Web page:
Home page basics

Hello again, fellow Netizens. Last week, we covered the basics for creating Web pages. However, the Web isn't just text. You have to have images; your site's visitors aren't going to come back just to read. The problem is, most people don't understand how images work on the Web, and a lot of beginners make some very basic mistakes when placing images on their site. This week, we'll delve into the subject of images and graphics for the Web, and what you can do to make you site attractive and yet still be fast and responsive.

First, there are some things everyone should know about how images are displayed on a monitor. Most folks seeing an image printed on a piece of paper are viewing that image exactly as the designer wanted, due to the fact that the designer had almost total control over the entire printing process. On the Web, that control, for the most part, has been placed into the hands of the individual viewer. What this means is that your images might look fantastic on your computer screen, but they might appear as a dark and muddy mess on everyone else's systems. What can you do about this? Plenty.

There are some things that are constants on all Web platforms, be they Windows PC, Macintosh, Linux, or some other operating system. All systems that can display color share a set of 216 colors. This is known as the Web-safe 216. If you can use any one of these colors for your graphics, you can be assured that the green you chose for your background will display correctly on all screens.

Also, there are two basic formats that all browsers can read. These are the GIF and JPEG format. There are basic rules of thumb when you should use these. If you are doing illustrations or simple color schemes, like navigational elements or banners, the GIF format should be used. All photos and high-color images should be in the JPEG format. The reasons for this are that while the JPEG format is great for photos, its compression scheme isn't the best in the world for making small files. The GIF standard allows you to set a specific target, or color palette, that will allow you to make the file size as small as possible while keeping your image quality the best that it can.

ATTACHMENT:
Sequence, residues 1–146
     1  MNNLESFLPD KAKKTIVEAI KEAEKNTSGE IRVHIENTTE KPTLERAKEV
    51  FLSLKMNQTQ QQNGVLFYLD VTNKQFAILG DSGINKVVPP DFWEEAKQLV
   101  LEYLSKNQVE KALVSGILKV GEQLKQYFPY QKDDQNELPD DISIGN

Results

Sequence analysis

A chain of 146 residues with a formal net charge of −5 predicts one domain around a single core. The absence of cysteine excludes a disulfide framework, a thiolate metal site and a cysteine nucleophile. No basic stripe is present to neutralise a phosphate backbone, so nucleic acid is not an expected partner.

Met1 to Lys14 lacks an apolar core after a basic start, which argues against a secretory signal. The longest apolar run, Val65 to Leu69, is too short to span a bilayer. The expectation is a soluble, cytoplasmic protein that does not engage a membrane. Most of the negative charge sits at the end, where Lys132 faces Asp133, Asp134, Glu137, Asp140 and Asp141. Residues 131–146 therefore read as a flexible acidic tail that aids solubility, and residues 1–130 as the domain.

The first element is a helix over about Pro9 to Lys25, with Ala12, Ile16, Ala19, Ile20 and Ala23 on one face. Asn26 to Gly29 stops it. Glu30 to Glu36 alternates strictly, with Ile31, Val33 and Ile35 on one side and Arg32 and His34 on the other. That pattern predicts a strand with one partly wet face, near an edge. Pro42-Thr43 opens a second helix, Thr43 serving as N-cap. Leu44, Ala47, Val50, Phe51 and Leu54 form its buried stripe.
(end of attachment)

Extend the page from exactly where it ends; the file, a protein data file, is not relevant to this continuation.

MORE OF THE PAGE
Speaking of file size, this is the absolute No. 1 thing that I stress in building a Web site. While high-speed Internet options are becoming more prevalent elsewhere, most of Montana is still locked into the old way of doing things. It is better to design your Web page to be able to download fairly fast for a majority of all Web visitors. The more images and graphics you place on a single page, the longer it's going to take someone accessing that page on the Web to see everything on your site. And trust me, a 5-year old on a massive sugar binge has nothing on the impatience of Web visitors if they have to wait for your navigation to load so that they can visit your site. Your Web domain can become a cyber-ghost town if you fail to keep download times to a minimum. My general rule is that no single page should be over 40 kilobytes to view the entire page. This allows even those individuals with slower connections to be able to view your site and get around without a lot of waiting.

How do you get images onto your site? Well, as we covered last week, there are a great many inexpensive Web editors out there that allow you to design your page and add images to your design. But to create those images, you'll need an image-editing program.

If you have a scanner or digital camera, you probably have the necessary software. If you have neither, a great low-cost alternative to the higher-end programs like Adobe's Photoshop or Macromedia's Fireworks is JASC's Paint Shop Pro, available for a free trial download at www.jasc.com/psp.html. This great little tool has most of what the big boys have, and anything that's missing you probably don't need anyway. What's best, is it's under $100. Unfortunately, it's only available for PCs. However, for you Mac fans, might I recommend using Adobe's Photoshop Limited Edition, available at Adobe's Web site at www.adobe.com for $95. You can familiarize yourself with the limited edition, then upgrade to the full version of Photoshop for a few dollars more.

Next week, I'll give you some great sites for ready-made resources on the Web for site templates, free images and graphics, and even some cool online tools to help you create custom graphics that are now available online. Until then, happy surfing.

Ric Barrick used to have a problem with his JPEGs, but after seeing a doctor and some rehabilitative therapy, he's fine now. Thanks for asking. You can reach him at webmaster@

missoulian.com.

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